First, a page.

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Lord's Day Liturgy

Raising a Flag

Paul told Timothy:

Fight the good fight of the faith. Take hold of the eternal life to which you were called and about which you made the good confession in the presence of many witnesses. (1 Timothy 6:12 ESV)

This “good confession” wasn’t when Timothy admitted his guilt, but it isn’t disconnected from owning up to his sin either. “Confession” is ὁμολογία, related to the verb in 1 John 1:9 about confessing sin. While it could be, and often is, broken down into parts, homo = same and logo = word/logic so something like “be of the same mind,” it is more positive. A confession is perhaps less an admission and more a profession, it’s a statement of allegiance. It’s less getting something off one’s chest and more raising a flag.

Both parts belong with worship. Both belong with the gospel. For twelve years (to the day tomorrow) we’ve been making this confession.

When John Newton (pastor in the late 18th century, who wrote “Amazing Grace”) was dying, a friend visited him, and some of Newton’s last words were:

“My memory is nearly gone; but I remember two things: that I am a great sinner, and that Christ is a great Saviour.” (quoted in Wise Counsel: John Newton’s Letters to John Ryland Jr., 401.)

When we confess our sins to Christ and believe that our sins are atoned for and forgiven by Christ, we are making both confessions. We are denying any allegiance to sin and declaring allegiance to Jesus. Turning our back toward sin we tune our hearts to sing of His salvation.

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Lord's Day Liturgy

Love Practice

Liturgy shapes how we live. The Lord’s Supper is a reminder of truth that we think about and that we practice. This practice reminds us of other ways we must hold and embody the truth.

In John 15, after the message about abiding in the vine for sake of fruitfulness, Jesus told His disciples, “This is my commandment, that you love one another as I have loved you. Greater love has no one than this, that someone lay down his life for his friends” (John 15:12-13). Jesus said this the night before He laid down His life, so we’re both surprised and not surprised when Jesus said in the next verse, “You are my friends if you do what I command you” (John 15:14). What did He command? Love. What does love look like? He was about to put it all out on the table.

This is also why John 13:1 opens his record of Jesus’ last evening: “when Jesus knew that his hour had come to depart out of this world to the Father, having loved his own who were in the world, he loved them to the end.” He took up a towel to wash their feet. Then He took up His cross to forgive their sins.

At the Lord’s Table we eat and drink in remembrance of Him. The bread and the wine are tokens of His flesh and blood, and it is a feast of love. Jude referred to “love feasts” (Jude 1:12), and while a communal meal, it is the ordinance of communion. We commune because of and in Christ’s love. There is no greater love, which shapes our liturgy and our love for one another.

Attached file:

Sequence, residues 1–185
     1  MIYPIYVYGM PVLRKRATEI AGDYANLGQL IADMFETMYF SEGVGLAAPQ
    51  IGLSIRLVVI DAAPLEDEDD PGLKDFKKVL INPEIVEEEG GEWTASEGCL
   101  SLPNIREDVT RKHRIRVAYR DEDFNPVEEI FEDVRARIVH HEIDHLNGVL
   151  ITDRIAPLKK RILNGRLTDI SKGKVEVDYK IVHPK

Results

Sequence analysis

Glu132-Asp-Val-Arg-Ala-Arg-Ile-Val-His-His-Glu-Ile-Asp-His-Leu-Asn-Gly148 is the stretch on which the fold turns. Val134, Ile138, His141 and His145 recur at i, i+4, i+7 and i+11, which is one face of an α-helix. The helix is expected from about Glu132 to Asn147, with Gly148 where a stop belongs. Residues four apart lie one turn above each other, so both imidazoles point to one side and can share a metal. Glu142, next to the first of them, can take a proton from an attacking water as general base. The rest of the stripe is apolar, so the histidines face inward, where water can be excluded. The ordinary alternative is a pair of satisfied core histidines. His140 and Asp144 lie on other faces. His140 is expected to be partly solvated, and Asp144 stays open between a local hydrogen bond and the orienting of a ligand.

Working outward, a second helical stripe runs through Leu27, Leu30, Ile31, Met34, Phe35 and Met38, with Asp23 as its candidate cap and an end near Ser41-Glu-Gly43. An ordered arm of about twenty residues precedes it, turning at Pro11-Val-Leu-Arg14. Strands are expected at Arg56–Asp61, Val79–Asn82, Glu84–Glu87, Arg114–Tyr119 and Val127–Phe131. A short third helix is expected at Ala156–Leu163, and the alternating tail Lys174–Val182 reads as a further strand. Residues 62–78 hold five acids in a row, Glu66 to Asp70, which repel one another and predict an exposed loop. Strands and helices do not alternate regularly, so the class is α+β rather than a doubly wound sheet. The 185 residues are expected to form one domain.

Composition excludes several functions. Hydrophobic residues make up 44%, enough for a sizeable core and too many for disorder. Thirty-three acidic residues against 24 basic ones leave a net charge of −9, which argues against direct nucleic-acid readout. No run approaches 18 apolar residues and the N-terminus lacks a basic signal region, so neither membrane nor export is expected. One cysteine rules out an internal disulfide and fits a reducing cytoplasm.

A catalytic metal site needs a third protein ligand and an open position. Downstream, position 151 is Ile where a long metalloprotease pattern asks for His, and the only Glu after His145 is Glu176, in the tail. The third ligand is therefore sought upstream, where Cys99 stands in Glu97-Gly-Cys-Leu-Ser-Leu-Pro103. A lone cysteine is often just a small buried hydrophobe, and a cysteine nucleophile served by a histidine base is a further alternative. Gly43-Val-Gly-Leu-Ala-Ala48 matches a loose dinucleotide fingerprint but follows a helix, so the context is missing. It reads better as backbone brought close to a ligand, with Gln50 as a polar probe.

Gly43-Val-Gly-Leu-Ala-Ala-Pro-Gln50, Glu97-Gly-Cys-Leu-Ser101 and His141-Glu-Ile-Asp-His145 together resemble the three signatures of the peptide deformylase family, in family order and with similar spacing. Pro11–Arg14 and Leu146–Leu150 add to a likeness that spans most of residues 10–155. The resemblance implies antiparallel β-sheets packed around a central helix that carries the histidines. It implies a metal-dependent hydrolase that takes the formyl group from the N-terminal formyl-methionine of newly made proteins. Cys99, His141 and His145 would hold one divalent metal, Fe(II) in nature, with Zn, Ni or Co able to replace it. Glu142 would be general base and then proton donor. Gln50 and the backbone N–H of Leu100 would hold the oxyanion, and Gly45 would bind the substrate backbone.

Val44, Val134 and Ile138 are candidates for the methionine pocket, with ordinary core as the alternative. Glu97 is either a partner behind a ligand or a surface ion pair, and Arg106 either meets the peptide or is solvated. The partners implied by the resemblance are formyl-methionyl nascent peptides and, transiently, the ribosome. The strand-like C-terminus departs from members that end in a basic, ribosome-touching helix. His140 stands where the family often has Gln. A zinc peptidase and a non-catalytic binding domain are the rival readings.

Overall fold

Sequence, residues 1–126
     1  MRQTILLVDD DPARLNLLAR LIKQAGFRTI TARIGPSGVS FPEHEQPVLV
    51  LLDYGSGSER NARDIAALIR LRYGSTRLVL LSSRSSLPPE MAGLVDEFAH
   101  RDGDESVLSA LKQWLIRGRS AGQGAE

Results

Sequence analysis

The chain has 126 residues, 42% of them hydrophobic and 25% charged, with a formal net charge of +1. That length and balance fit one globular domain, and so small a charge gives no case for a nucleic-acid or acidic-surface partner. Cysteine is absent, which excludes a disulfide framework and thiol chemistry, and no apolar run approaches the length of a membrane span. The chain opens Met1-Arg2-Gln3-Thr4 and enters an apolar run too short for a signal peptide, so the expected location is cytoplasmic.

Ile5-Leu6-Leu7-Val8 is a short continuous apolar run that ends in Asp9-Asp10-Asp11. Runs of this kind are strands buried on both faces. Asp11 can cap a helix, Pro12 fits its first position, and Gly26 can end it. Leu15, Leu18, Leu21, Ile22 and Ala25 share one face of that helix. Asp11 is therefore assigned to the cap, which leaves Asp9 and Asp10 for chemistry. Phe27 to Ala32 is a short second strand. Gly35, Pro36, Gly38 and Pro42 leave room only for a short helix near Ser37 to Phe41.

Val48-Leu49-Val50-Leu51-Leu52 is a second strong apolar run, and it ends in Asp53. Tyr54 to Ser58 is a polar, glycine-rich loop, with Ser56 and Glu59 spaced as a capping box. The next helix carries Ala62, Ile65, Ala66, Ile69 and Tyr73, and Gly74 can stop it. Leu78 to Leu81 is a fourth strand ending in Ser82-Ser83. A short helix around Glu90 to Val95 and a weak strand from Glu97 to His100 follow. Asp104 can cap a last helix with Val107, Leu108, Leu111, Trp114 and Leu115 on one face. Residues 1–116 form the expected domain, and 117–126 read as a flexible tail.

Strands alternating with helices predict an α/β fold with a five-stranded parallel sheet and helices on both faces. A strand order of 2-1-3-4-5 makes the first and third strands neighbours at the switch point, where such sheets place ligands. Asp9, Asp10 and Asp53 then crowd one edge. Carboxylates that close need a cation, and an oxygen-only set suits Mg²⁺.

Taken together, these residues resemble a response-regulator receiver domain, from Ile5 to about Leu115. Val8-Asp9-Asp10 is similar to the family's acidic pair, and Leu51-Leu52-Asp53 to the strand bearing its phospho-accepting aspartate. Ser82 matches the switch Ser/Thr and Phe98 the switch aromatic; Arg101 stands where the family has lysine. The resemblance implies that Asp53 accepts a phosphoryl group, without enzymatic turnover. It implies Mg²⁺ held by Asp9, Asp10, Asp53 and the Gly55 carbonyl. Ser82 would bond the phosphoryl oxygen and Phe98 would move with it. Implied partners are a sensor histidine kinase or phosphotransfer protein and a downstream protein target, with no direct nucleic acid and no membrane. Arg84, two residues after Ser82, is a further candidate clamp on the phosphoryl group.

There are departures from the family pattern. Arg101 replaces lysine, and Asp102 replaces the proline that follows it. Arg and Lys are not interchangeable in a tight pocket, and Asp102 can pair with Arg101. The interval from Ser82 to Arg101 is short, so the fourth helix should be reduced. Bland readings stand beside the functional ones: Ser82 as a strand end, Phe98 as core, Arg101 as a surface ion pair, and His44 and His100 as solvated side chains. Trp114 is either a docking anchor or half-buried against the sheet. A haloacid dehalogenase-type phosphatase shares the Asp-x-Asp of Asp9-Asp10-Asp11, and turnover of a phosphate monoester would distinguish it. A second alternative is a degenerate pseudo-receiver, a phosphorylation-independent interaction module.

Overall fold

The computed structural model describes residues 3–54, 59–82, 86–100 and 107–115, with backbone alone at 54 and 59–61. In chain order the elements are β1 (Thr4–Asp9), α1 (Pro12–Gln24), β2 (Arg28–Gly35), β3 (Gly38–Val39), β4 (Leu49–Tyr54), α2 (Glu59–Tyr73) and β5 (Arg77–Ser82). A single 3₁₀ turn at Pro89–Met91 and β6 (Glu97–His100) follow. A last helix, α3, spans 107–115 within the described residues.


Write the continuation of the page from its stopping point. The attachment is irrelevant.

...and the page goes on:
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Lord's Day Liturgy

As a Man Scrolleth

What are you thinking about? There’s an old saying that a man is what he thinks. It’s not just old, it’s Solomonic, it’s scriptural. The context in Proverbs 23:6-7 counsels the wise to be careful what they consume from the hand of an apparently generous person. Watch out for the stingy man, the one with an “evil eye.” “‘Eat and drink!’ he says to you, but his heart is not with you.” The ESV starts verse 7 with “he is like one who is inwardly calculating,” but the KJV makes it more general, “As he thinketh in his heart, so is he.” Your thoughts are your character, stingy or not, regardless of what you spread on the table.

This exhortation isn’t about stinginess, but about Scripture. We are what we think, what we do and say comes out of the heart (Matthew 15:18-19), at least eventually. What are you thinking about? What mental marinade are you soaking your soul in?

There are so many goads in God’s Word about the profit of consuming God’s Word. Psalm 1 pronounces blessing on the one who delights in and meditates on the law of the LORD. Big tech has an evil eye, “Scroll and scroll,” Elark Zuckermusk says to you, but his heart is not with you. So many free things aren’t free, the price is our attention/minds, our affections/delights.

On New Year’s Day you’re not too late to start a Bible reading plan; a verse a day, a chapter a day; listen, read, both. In addition to another Bible-in-a-year reading plan, I am budgeting minutes for myself to memorize the Pastoral Epistles.

You are what you think about, and you are like a green and fruitful and blessed tree planted by streams of water when you think about whatever is true, whatever is honorable, whatever is just, whatever is pure, whatever is lovely, whatever is commendable (Philippians 4:8). Think on the Word, and the Lord will give you understanding and success (2 Timothy 2:7; Joshua 1:8),